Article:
Dear Stuart,

A few weeks ago Art and I were talking about the Nobel Prize. The winners in economics had just been announced and I was trying to explain to Art what they had done. My inability to explain anything coupled with Art’s belief that the Nobel Prize is only a literary award rendered the conversation somewhat pointless.

“He does work in market design and solves matching problems.. like matching patients to kidneys.”
“Oh yeah… I read that.”
“… I don’t think it’s a book”
“The ending was sub-par.”

After much debate, we eventually established that there is a literary prize and a peace prize. Wanting to move past our argument on what a Nobel is, I conceded that “the prize for physics was abolished after the Second World War” and that “economists do not deserve awards”. Best not to get started on the other categories. Anyway, I asked Art whom he would nominate for either the peace or literary prize. He paused.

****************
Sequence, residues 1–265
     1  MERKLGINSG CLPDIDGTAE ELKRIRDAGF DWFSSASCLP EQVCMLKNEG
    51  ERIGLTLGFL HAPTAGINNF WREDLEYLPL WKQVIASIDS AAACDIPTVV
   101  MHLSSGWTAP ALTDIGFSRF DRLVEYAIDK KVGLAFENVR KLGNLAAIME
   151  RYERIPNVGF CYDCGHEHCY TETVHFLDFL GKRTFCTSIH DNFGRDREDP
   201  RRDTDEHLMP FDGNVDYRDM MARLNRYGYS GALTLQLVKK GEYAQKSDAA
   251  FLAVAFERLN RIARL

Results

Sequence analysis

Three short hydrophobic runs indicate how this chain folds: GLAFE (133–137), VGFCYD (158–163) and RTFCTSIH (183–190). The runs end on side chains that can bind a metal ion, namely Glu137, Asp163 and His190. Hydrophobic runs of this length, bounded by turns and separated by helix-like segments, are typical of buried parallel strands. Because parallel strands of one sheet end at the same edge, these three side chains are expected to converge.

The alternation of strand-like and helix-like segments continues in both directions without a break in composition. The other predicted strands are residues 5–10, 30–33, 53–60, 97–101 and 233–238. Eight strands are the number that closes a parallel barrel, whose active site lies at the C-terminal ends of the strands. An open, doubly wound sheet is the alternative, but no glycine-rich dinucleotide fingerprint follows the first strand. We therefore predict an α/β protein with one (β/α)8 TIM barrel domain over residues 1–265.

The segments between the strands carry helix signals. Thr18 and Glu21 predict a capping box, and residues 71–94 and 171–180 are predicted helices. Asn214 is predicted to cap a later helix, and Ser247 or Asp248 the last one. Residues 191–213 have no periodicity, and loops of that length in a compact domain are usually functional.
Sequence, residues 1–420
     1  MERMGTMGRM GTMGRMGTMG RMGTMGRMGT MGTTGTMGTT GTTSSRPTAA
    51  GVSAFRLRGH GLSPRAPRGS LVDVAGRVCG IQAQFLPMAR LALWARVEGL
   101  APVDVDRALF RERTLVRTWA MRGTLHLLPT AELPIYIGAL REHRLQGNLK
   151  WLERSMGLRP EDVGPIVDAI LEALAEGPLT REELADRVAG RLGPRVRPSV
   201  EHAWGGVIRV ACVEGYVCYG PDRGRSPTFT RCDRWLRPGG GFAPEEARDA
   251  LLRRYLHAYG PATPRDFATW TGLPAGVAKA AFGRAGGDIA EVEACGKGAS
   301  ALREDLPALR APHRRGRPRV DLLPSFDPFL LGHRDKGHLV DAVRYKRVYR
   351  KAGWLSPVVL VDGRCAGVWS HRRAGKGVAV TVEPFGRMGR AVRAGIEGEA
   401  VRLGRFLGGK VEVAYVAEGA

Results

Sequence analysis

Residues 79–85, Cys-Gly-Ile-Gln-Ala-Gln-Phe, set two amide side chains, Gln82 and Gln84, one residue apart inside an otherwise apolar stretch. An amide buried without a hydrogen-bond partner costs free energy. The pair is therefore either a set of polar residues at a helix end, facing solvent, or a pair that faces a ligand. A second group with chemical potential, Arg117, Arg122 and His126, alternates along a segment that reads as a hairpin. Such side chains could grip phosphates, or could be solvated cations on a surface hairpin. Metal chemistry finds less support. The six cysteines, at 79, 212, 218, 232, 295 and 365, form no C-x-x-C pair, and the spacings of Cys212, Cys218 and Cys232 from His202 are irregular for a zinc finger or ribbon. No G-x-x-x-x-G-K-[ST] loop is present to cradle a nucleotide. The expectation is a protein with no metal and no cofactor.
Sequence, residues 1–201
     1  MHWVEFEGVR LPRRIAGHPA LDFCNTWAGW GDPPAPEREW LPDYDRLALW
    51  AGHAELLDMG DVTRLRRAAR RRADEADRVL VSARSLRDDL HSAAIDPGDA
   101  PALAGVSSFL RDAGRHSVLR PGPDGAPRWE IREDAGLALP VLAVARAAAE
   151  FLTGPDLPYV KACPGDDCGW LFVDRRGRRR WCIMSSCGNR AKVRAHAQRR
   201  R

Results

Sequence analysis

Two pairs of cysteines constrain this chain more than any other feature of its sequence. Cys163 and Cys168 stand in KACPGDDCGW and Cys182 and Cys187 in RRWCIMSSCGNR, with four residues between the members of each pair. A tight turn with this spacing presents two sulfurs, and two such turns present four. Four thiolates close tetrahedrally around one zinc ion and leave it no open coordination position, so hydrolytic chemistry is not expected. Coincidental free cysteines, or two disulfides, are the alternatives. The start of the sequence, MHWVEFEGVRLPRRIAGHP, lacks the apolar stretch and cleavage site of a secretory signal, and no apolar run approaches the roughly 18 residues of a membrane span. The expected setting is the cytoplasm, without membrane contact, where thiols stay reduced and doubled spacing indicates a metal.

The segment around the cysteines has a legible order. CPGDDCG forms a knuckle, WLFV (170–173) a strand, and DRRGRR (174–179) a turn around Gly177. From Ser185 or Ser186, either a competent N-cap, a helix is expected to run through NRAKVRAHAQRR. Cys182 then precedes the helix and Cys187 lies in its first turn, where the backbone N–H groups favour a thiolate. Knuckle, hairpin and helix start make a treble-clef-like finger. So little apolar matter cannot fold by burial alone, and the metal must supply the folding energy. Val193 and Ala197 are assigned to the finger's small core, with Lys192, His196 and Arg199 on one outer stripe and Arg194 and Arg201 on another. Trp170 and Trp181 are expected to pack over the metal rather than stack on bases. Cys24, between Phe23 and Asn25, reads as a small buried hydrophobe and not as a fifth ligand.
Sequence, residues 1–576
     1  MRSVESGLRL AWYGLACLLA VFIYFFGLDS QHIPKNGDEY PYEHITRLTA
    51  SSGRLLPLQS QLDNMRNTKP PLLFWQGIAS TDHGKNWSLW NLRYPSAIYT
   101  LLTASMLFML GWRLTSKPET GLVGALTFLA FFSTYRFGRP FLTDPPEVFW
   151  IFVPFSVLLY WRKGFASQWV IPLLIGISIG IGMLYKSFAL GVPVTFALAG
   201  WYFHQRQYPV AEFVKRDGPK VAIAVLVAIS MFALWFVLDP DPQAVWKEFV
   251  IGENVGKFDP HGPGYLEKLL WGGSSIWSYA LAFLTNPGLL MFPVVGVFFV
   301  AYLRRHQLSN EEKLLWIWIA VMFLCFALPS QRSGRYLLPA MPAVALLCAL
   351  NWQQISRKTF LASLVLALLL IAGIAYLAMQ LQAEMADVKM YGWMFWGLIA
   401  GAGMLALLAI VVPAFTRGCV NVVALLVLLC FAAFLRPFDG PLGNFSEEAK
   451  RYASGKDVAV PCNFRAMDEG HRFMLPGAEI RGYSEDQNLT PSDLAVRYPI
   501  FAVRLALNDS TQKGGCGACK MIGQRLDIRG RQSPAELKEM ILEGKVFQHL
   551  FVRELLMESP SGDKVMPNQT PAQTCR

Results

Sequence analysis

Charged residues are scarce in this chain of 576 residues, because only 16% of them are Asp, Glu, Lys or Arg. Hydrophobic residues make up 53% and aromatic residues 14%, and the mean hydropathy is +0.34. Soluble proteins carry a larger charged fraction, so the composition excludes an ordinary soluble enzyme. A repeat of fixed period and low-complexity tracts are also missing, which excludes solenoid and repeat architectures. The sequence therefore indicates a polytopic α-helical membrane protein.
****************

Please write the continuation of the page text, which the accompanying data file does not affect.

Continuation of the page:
“I think I would choose my old neighbour, Oli.”

When I asked him why, Art responded, “he used to come over and shovel my driveway in the winter and mow my lawn in the summer. And I never asked him to. He was just a good neighbour.”

While all of the Nobel Prize winners are undoubtedly brilliant and more than deserve their awards (YES, YOU TOO EU! HIGH FIVE!), it’s nice to be reminded that it’s often the small things that people really remember.